Sacrifice and Glory

Local farm boys, along with their horses, were among the first sent to South Africa, after Richard Seddon offered a contingent of mounted rifles to fight during the Boer War of 1899-1902.

They were members of the Canterbury Yeomanry Cavalry (CYC), which despite its name was not a cavalry unit, but mounted infantry who used their horses merely to get into position before dismounting and fighting.

A territorial force that began during the second Maori Wars (1860-66), it was considered an elite unit because only wealthy farmers or their sons could afford to provide their own horse, saddle, weapons and uniforms.

Because of the cost of sending soldiers to the front (100 pound a man), it later fell to local communities to raise the funds and organise additional fighting resources.

A committee of prominent Canterbury citizens and members of the public largely organised and paid for the Third Contingent, which would become known as the ‘rough riders’ as it mainly consisted of men proficient at horse riding and shooting but with no fighting experience.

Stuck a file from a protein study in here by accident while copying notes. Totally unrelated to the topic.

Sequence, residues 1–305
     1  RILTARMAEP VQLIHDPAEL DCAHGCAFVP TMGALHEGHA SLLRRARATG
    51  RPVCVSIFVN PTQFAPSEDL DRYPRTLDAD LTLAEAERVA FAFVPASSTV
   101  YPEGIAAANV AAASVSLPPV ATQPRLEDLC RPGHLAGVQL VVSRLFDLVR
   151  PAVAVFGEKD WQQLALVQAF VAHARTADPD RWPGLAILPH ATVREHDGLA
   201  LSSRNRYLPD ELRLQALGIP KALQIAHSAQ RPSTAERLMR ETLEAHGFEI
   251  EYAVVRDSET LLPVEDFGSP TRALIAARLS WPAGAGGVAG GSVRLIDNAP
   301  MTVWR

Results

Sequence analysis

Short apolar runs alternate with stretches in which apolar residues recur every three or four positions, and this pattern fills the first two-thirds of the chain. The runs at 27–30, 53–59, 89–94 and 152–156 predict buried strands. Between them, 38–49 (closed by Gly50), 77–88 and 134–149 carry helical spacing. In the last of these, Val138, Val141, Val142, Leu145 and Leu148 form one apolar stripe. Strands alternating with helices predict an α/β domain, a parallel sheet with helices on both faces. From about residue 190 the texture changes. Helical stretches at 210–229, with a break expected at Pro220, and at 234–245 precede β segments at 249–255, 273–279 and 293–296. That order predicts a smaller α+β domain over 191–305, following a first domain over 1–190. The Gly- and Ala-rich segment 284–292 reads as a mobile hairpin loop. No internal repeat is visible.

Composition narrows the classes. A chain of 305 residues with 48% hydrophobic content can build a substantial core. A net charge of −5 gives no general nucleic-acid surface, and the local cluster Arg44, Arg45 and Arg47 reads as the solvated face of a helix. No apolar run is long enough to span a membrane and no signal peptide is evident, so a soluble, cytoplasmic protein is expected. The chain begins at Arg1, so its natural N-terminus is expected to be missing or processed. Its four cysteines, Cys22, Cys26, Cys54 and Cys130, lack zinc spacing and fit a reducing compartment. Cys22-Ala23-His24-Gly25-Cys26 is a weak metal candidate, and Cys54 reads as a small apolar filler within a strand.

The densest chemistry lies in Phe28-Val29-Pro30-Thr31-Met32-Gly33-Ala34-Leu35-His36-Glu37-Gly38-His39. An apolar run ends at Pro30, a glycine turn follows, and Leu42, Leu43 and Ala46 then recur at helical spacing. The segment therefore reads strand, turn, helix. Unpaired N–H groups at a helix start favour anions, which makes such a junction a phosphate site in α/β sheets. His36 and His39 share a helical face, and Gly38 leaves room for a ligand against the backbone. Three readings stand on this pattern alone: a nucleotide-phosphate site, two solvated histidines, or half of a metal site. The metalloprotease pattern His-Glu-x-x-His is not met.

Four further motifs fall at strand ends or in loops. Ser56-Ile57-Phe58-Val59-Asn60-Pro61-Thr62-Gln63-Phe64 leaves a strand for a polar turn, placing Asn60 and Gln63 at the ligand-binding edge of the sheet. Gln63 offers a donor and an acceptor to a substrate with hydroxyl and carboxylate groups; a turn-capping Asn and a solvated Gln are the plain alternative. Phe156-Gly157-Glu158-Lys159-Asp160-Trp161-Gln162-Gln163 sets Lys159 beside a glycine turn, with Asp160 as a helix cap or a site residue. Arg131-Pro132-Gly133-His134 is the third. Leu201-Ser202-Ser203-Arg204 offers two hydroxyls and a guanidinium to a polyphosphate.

Still more local lads would see service during the Great War as members of the Canterbury Mounted Rifles.

Sent first to Egypt, then forced to leave their horses behind, our cavalrymen crossed the Mediterranean to land on the steep Turkish coastlines at Gallipoli. Here they spearheaded some of the toughest attacks before joining the Desert Mounted Corps in Sinai and Palestine where they were part of the now famous ‘charge of the Light Brigade’ at Beersheba.

Many brave men would lose their lives or return injured.

30 years later when New Zealand again rallied, local farmer Charles Upham would become the only combat soldier ever to win the Victoria Cross and bar. After a stint as a prisoner of war he returned to farm at Conway Flat the most highly decorated soldier of the conflict.

Residents of Hurunui still gather annually to remember the contribution of their men to freedom.